September 23, 2023

Letter to the Editor: First experiences

As we grow a little older in, the game of life, this thing called nostalgia has a tendency to develop. Nostalgia is described as a desire to return in thought or in fact to a former time in one’s life, to one’s home or to one’s family and friends.

As parents, aunts, uncles and grandparents we all like to share some of those interesting memories of our younger days. Among the mixture of our many laughable and sometimes sober experiences are lingering observations and lessons we learned. Looking back, we recall stories we have told of days gone by ... many times indelible first experiences.

This got me to thinking about some of my first experiences, many going back to childhood days. Some of them have never been told to our own children or grandchildren, who may now be about the same age. So, why not write quite a few of them down, and also share the idea with others.

No doubt some of our experiences will be classified as boring by the younger set, using today’s terminology. But, they will likely become more interesting as years go by. They could likely be put into a little booklet to be shared with future generations.

My first home

My dad and mother were married Feb. 10, 1925, in Churchville, and their first farm was two miles southwest west of the Village of St. Marys, previously occupied by my dad’s parents, Marion and Amelia McNeer. My dad lived there several years before marrying a little farm girl who lived two miles north of Prole, right by North River.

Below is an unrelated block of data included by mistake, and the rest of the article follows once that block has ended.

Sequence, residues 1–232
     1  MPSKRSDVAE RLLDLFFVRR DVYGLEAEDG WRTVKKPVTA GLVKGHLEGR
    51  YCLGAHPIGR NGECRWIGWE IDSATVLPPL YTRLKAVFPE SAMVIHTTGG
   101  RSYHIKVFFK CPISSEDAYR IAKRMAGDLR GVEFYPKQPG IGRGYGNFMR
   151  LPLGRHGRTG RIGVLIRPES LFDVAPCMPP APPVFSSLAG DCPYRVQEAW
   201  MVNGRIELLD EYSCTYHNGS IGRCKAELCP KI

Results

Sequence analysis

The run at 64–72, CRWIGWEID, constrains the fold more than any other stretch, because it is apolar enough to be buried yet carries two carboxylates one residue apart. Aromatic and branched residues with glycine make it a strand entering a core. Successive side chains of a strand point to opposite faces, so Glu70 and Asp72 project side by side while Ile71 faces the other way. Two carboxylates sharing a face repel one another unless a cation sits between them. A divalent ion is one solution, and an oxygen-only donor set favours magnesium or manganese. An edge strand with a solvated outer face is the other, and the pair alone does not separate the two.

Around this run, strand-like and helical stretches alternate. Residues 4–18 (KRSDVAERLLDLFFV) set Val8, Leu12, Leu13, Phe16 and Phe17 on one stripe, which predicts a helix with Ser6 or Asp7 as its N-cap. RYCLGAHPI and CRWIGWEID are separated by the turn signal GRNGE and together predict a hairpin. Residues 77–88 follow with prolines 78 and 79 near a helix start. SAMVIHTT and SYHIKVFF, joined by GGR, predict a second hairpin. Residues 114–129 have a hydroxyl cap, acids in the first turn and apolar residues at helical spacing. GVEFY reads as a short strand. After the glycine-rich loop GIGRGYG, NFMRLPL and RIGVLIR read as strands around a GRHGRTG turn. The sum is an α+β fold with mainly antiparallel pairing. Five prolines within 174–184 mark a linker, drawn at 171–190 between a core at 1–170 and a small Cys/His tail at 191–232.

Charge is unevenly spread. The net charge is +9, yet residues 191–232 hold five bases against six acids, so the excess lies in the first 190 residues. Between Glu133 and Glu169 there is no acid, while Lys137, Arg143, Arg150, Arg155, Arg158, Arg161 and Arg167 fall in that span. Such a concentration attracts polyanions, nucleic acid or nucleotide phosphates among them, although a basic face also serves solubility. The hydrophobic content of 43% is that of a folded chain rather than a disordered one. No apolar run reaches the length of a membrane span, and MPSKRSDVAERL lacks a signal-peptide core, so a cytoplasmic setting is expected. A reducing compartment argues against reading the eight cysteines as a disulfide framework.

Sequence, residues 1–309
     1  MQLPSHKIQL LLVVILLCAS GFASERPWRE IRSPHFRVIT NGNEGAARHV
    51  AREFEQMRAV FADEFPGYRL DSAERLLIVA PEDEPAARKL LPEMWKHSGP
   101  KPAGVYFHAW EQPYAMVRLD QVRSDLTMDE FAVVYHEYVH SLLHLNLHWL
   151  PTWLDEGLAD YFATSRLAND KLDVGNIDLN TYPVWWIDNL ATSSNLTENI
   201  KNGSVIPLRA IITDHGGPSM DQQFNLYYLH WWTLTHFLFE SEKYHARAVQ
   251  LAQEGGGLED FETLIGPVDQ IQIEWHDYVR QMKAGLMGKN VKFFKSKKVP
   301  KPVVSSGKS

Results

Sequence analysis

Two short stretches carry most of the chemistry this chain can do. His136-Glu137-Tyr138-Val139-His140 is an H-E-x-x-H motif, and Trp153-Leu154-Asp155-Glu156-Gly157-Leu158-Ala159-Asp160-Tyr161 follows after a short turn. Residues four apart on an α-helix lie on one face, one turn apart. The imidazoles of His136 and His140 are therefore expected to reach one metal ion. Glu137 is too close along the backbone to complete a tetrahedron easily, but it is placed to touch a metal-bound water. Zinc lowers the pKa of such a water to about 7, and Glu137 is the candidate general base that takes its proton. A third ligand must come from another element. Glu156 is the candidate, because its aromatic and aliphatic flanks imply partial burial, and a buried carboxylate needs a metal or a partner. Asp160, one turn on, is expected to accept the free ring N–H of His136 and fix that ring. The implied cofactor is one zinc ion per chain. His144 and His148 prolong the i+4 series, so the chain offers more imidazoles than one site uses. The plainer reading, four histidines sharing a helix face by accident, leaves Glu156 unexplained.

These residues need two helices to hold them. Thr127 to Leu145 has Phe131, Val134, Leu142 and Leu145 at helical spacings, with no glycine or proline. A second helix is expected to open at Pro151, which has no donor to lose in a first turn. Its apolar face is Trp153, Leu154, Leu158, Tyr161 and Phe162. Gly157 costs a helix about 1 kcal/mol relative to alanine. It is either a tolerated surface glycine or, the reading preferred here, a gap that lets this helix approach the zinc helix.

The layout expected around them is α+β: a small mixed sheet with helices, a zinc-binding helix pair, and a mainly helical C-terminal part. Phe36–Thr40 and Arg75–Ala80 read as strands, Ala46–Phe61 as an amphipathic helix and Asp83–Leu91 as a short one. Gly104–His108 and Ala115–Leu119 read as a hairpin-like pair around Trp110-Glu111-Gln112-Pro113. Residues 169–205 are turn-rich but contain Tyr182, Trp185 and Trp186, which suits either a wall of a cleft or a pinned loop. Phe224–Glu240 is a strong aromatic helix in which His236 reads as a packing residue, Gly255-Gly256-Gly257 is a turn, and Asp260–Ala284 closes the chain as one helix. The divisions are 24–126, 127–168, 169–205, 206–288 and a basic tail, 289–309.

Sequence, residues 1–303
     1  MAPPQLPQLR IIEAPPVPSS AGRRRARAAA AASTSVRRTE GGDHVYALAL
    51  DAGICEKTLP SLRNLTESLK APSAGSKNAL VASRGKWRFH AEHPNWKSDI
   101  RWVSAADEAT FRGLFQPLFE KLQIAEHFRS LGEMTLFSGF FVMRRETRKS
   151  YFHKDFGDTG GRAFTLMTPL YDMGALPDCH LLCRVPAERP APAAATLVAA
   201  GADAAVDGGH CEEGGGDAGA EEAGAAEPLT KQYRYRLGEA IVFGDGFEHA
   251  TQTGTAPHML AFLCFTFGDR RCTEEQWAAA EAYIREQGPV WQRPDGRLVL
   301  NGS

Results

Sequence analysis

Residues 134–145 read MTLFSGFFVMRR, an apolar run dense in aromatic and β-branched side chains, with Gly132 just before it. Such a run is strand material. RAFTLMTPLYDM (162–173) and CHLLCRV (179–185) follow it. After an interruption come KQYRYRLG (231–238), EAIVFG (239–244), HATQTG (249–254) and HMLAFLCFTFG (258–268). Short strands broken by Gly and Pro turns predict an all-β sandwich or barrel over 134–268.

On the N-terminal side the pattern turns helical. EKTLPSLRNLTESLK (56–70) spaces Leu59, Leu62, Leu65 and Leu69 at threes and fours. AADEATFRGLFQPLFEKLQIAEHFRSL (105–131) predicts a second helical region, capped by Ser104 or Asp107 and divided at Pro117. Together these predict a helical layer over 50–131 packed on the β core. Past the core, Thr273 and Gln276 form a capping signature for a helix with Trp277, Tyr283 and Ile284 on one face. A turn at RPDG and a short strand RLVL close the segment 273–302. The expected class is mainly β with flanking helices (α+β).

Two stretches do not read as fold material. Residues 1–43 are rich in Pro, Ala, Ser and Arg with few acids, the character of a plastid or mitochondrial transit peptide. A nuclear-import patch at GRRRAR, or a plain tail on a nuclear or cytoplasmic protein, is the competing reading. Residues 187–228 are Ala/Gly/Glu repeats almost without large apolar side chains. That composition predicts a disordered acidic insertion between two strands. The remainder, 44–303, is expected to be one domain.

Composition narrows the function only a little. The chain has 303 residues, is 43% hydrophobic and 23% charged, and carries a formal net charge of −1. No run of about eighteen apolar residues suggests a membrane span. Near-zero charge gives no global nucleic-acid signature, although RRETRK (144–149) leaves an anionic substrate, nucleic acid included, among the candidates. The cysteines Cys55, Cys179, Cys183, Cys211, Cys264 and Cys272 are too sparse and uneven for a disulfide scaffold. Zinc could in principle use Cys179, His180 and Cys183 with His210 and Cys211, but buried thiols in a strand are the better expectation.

Then in 1929, a 120-acre farm, owned by I.F. Neff, a professor at Drake University in Des Moines became available. The two-story white frame house sat back from the gravel road, about a half mile south of St. Marys and one mile west. This non-modem farm home had a big kitchen, with a pantry, a large dining room and living room downstairs and three bedrooms upstairs. Like most farm homes in those days, there was no electricity, running water or indoor toilet, and it was not insulated. An old-fashioned wood-fired black range served for cooking and heat in the kitchen and the dining room was heated by a big round cast iron heating stove that gobbled up wood pretty fast. A huge pile of wood on the back porch was harvested by my dad several times each year. Coal was primarily for the well-to-do in town.

There was no basement, but a large cave right behind the back porch was for storing 500 to 600 large jars of fruits and vegetables canned during the summer months. A rather large barn was for horses on one side, and milk cows on the other, with the middle section for loose, harvested hay. A large corn crib and grainery with an open garage in front of a big chicken house and smaller brooder house completed this typical farmstead.

My dad plowed our large garden with horses each spring, until acquiring his first used tractor in about 1939.

That evening, after dinner he said, “The first thing I’m gonna do is plow the garden this evening.” Sure, and he clipped off a fence post In the process, which we kidded him about the rest of his life.

John McNeer